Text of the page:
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Having Trouble Sleeping? Try This!Unless you’re a robot, you are aware that sleep is a vital human function. Your body needs sleep for optimal brain function, memory and concentration, muscle recovery, immune function, hormone regulation, metabolism, and so much more.

Think about what happens to you when you’re low on sleep or spent a restless night tossing and turning. Do you have trouble concentrating the next day? Do you feel under the weather? Are you in a bad mood?

Check out this article about all the fascinating things that happen while you sleep.

Turns out, this important bodily function doesn’t come easily to everyone. In fact, about 70 million Americans suffer from sleep disorders at some point in their lives. And while insomnia is most common, that’s not the only culprit — there are about 80 known sleep disorders! (source)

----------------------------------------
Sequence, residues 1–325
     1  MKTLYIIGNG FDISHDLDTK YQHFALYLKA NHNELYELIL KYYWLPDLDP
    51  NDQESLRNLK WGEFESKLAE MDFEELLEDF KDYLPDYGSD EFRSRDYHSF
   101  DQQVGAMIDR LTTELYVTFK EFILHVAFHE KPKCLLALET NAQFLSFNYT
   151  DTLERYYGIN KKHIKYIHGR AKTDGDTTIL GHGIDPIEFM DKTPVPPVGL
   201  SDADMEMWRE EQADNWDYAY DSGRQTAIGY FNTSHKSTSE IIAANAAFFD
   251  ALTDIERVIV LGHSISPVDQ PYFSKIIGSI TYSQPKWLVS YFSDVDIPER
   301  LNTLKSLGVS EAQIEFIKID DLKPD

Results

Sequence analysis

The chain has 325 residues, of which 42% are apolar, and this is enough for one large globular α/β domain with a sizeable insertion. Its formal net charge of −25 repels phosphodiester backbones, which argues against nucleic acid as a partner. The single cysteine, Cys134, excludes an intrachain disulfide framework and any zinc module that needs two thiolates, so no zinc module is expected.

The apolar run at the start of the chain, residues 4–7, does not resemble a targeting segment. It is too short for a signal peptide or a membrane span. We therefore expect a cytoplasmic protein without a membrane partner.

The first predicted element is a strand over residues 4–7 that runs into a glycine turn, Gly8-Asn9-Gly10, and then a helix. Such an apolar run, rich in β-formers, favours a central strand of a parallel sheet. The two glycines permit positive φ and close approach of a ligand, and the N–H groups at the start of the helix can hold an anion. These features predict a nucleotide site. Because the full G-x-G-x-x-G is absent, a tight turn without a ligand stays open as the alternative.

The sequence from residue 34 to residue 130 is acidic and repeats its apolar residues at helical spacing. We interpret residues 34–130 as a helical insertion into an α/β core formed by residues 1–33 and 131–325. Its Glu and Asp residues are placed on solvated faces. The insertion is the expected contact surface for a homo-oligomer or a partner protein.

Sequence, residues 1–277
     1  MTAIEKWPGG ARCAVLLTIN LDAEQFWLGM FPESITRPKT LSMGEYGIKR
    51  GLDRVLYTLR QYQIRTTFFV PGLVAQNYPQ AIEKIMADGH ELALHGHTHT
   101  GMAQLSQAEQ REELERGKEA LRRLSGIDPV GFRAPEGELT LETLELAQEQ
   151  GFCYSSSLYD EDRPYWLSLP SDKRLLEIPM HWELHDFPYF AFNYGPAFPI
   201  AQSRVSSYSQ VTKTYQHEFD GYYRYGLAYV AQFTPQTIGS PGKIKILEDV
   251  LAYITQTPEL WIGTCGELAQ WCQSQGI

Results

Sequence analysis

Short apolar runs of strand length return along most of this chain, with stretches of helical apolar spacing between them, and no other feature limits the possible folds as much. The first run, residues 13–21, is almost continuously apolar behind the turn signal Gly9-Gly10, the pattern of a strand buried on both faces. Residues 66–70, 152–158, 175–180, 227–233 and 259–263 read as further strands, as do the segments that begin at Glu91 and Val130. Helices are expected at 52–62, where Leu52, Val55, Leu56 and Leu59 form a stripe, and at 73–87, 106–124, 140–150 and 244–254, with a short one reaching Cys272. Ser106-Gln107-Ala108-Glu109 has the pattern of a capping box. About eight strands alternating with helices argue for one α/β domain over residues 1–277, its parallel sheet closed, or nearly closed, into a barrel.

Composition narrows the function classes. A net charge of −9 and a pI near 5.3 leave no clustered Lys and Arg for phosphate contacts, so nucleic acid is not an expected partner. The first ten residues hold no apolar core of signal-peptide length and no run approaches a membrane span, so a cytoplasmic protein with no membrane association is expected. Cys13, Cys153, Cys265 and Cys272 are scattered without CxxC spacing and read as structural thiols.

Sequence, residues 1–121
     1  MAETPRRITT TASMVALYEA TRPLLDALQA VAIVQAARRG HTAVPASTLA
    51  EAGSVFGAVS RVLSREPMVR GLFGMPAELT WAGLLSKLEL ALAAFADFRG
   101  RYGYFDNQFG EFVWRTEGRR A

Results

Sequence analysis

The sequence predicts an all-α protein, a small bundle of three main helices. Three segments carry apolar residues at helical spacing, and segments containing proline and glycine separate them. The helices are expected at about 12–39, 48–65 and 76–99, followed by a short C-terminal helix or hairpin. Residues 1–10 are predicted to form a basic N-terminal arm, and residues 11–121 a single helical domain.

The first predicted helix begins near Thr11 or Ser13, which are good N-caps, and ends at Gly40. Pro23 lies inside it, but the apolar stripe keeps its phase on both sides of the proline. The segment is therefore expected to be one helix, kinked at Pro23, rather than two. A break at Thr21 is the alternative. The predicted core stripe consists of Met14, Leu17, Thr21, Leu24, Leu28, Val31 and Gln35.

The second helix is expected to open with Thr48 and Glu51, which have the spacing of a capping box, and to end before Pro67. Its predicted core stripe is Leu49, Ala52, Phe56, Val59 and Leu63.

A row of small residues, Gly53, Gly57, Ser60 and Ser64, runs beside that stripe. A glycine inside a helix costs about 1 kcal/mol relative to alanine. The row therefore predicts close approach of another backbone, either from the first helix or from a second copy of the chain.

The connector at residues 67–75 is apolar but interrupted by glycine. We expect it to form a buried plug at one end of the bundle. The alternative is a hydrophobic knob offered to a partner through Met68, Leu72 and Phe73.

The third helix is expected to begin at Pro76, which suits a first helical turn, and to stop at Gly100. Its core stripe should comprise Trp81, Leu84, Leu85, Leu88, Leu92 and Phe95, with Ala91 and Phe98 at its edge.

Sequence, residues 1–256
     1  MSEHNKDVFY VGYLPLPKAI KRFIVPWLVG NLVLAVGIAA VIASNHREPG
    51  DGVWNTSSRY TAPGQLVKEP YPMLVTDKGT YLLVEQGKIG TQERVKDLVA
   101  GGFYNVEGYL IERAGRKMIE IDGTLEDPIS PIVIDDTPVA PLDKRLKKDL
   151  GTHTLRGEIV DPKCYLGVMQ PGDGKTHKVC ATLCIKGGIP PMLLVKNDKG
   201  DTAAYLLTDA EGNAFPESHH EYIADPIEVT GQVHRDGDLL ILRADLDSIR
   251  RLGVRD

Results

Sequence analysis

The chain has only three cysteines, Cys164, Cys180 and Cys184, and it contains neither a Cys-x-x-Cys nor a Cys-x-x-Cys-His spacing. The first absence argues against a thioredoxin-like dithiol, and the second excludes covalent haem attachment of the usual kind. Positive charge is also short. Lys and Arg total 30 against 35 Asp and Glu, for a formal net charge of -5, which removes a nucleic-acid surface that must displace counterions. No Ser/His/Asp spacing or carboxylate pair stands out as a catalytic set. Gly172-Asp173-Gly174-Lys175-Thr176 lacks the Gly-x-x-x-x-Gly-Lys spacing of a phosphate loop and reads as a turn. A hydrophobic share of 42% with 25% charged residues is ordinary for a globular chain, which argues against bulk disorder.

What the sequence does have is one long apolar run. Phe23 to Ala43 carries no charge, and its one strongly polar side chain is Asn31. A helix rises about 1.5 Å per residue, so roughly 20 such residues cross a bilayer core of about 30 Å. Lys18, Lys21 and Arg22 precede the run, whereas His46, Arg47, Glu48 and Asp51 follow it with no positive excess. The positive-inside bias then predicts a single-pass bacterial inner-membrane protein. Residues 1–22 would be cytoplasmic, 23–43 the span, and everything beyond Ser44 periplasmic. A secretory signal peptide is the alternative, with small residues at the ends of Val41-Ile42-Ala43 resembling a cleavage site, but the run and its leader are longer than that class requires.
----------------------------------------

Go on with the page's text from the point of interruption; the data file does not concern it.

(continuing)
Types of Sleep Disorders

The four most common sleep disorders are:

  • Insomnia
  • Sleep Apnea
  • Restless Leg Syndrome
  • Narcolepsy

1. Insomnia

Insomnia is characterized as having poor sleep quality: either difficulty falling asleep at night or difficulty staying asleep (i.e., waking up and not being able to fall back asleep). Insomnia affects about 50% of adults at some point, either acutely (occasionally), or chronically. Acute insomnia can last anywhere from one night to a few weeks, whereas chronic insomnia affects a person at least three nights a week for over a month. (source)

Women and older adults are more likely to suffer from insomnia. (source)

2. Sleep Apnea

Sleep apnea causes a person to stop breathing during sleep. There are two types of sleep apnea. Obstructive sleep apnea (OSA) is the most common type of sleep apnea and affects about 20 million Americans. It is caused by a blockage in the airway, usually a collapse of the soft tissue at the back of the throat. A partial blockage results in snoring, while a full blockage will cause the person to stop breathing. The person usually gasps or chokes as they begin breathing again, but only remembers waking up several times during the night.